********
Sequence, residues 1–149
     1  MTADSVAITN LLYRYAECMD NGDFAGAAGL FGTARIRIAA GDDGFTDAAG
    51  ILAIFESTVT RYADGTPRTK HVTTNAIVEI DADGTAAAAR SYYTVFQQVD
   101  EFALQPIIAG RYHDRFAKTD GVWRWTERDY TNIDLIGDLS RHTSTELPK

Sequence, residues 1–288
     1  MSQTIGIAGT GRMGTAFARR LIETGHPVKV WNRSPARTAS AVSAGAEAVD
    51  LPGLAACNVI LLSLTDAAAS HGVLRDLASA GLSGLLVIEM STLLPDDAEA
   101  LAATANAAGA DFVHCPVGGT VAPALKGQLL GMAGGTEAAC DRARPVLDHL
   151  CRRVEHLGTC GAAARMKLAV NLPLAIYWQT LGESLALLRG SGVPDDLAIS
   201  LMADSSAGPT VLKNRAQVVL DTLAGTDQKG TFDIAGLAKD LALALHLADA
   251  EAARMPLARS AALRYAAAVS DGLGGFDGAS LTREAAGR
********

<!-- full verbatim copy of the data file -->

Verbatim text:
Sequence, residues 1–149
     1  MTADSVAITN LLYRYAECMD NGDFAGAAGL FGTARIRIAA GDDGFTDAAG
    51  ILAIFESTVT RYADGTPRTK HVTTNAIVEI DADGTAAAAR SYYTVFQQVD
   101  EFALQPIIAG RYHDRFAKTD GVWRWTERDY TNIDLIGDLS RHTSTELPK

Sequence, residues 1–288
     1  MSQTIGIAGT GRMGTAFARR LIETGHPVKV WNRSPARTAS AVSAGAEAVD
    51  LPGLAACNVI LLSLTDAAAS HGVLRDLASA GLSGLLVIEM STLLPDDAEA
   101  LAATANAAGA DFVHCPVGGT VAPALKGQLL GMAGGTEAAC DRARPVLDHL
   151  CRRVEHLGTC GAAARMKLAV NLPLAIYWQT LGESLALLRG SGVPDDLAIS
   201  LMADSSAGPT VLKNRAQVVL DTLAGTDQKG TFDIAGLAKD LALALHLADA
   251  EAARMPLARS AALRYAAAVS DGLGGFDGAS LTREAAGR